In this episode of our video series typecast Lindsay talks about why she’s undertaking this project. Why is she writing a play on a manual typewriter?
Hello and welcome to Typecast!
I’m Lindsay and the question for this video which I’m going to answer is WHY? Why am I taking on this project which is, if you’ve been following along, creating a play on a manual typewriter? And, recently, I saw a documentary about Bill Cunningham who is a fashion photographer for the New York Times, and he has two columns, and he’s all about trends, and he’s 80 and does everything pretty much old school – he takes pictures that have to be on film that have to be developed.
And I was watching this and it just put a bug in my ear. I have never written a play before the convenience and the comfort of computers. And what would that be like? What would it be like to create only on the machine? What would rewrites be like? What would formatting be like? And it felt a little bit scary – certainly not as scary as skydiving – so, we went out. Tootoorooroo! This is Matilda. This is my new baby.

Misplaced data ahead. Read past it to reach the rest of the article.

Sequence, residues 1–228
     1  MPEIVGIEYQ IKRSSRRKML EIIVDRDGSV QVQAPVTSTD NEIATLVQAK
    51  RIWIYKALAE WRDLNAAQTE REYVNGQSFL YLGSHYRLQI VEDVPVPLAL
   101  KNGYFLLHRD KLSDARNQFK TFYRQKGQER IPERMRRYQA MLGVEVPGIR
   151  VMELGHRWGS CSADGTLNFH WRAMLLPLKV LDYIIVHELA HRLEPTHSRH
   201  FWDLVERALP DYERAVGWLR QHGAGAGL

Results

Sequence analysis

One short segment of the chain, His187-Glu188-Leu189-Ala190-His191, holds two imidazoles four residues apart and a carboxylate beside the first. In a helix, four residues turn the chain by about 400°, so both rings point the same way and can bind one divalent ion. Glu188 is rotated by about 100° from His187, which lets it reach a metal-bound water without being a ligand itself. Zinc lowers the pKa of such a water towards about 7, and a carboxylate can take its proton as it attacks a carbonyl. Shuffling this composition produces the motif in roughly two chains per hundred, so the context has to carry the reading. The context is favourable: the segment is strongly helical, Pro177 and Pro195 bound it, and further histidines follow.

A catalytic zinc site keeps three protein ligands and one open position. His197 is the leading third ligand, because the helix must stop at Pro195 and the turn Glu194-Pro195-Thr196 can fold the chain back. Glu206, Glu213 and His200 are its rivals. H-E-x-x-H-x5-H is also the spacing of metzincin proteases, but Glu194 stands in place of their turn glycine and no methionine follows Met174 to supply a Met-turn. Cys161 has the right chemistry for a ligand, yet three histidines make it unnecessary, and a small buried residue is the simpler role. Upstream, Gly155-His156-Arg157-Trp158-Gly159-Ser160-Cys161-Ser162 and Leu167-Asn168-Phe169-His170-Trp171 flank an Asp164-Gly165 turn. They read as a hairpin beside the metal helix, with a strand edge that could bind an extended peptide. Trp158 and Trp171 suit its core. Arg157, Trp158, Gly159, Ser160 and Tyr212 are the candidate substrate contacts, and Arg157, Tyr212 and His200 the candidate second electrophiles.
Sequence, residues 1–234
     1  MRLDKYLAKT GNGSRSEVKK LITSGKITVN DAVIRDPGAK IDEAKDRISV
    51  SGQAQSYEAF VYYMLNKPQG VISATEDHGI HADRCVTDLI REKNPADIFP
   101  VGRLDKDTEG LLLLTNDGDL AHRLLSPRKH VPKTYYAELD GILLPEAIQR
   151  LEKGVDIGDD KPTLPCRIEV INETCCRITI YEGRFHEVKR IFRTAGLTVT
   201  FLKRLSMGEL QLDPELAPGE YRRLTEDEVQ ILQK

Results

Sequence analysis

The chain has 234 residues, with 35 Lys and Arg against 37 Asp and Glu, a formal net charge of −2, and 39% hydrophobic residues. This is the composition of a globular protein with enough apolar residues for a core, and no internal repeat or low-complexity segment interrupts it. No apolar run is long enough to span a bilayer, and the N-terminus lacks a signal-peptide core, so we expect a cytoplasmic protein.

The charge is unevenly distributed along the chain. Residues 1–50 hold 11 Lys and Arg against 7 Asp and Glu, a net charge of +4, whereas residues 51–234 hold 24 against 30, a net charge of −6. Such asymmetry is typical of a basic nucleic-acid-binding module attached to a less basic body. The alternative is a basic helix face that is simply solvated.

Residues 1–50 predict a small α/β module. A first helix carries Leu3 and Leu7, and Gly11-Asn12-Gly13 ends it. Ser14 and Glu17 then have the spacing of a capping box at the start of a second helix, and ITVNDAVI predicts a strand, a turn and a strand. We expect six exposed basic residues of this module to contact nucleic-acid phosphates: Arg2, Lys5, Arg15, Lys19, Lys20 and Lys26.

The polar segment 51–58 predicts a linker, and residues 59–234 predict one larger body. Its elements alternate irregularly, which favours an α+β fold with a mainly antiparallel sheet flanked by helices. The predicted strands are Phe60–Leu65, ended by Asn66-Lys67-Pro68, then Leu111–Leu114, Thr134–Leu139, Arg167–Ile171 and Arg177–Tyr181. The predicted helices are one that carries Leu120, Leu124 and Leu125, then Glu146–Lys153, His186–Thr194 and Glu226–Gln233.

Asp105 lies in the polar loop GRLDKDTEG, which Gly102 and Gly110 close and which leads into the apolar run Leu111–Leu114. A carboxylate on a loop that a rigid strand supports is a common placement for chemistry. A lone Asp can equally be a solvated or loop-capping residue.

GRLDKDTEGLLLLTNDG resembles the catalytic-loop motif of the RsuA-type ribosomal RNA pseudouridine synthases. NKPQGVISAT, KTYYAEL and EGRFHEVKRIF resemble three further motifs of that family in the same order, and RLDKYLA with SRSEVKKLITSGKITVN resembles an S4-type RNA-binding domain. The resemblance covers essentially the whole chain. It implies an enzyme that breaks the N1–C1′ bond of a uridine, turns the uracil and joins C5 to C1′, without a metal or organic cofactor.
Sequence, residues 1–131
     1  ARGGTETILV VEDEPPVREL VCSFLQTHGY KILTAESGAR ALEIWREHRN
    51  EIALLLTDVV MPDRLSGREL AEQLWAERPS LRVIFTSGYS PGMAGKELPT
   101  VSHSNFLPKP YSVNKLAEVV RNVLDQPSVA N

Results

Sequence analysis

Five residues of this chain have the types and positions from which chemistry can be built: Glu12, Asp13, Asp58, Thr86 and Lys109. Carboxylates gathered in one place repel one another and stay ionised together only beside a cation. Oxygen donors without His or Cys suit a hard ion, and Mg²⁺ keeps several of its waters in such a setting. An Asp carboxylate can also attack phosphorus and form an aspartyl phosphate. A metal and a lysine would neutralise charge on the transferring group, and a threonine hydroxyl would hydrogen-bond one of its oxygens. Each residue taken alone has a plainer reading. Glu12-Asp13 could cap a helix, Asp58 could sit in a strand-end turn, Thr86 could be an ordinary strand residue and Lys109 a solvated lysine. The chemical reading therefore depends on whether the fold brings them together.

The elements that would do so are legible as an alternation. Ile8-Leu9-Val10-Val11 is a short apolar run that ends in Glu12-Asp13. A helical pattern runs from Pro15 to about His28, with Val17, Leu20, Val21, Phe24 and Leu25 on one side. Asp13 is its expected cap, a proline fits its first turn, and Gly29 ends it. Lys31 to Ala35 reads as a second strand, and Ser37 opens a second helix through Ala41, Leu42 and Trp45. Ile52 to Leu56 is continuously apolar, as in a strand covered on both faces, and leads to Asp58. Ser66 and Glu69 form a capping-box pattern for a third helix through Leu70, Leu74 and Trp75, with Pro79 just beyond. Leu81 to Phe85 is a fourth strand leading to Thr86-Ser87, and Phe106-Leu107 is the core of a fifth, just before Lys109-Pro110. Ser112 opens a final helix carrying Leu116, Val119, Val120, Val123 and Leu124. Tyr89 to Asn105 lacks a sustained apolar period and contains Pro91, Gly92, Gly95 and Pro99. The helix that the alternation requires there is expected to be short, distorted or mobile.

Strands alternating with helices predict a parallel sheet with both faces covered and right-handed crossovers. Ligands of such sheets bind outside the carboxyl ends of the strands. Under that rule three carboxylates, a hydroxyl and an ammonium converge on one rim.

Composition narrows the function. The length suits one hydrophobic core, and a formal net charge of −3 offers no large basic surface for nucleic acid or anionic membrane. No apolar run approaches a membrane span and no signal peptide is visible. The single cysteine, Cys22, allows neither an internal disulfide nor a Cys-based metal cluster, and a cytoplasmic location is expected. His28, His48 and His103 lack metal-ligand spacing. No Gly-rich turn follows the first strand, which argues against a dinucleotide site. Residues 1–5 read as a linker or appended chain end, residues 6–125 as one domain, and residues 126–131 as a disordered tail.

So, right now, all I’m doing is just sort of getting used to the machine. I’m just sort of trying to figure out what the typing process is like, the weight of the keys. It is so unique to press – so much harder on a manual than on a computer. It’s not the same keyboard. There are some annoyances which is very interesting.
And then, also, I’m just trying to figure out what kind of play I want to write. I’m thinking epic. I’m thinking the whole – since this project is about the process of writing – the play has to be about the process of writing and maybe involve a writer who is headed down a downward spiral. The writing process destroys the writer, why not?
And, also, I’m just falling in love with the sound of the keys, that tik-a-tik-a-tik-a-tik-a-tik-a-tap. It’s a pretty fun thing and I’m going to let my mind wander.
All right, next time!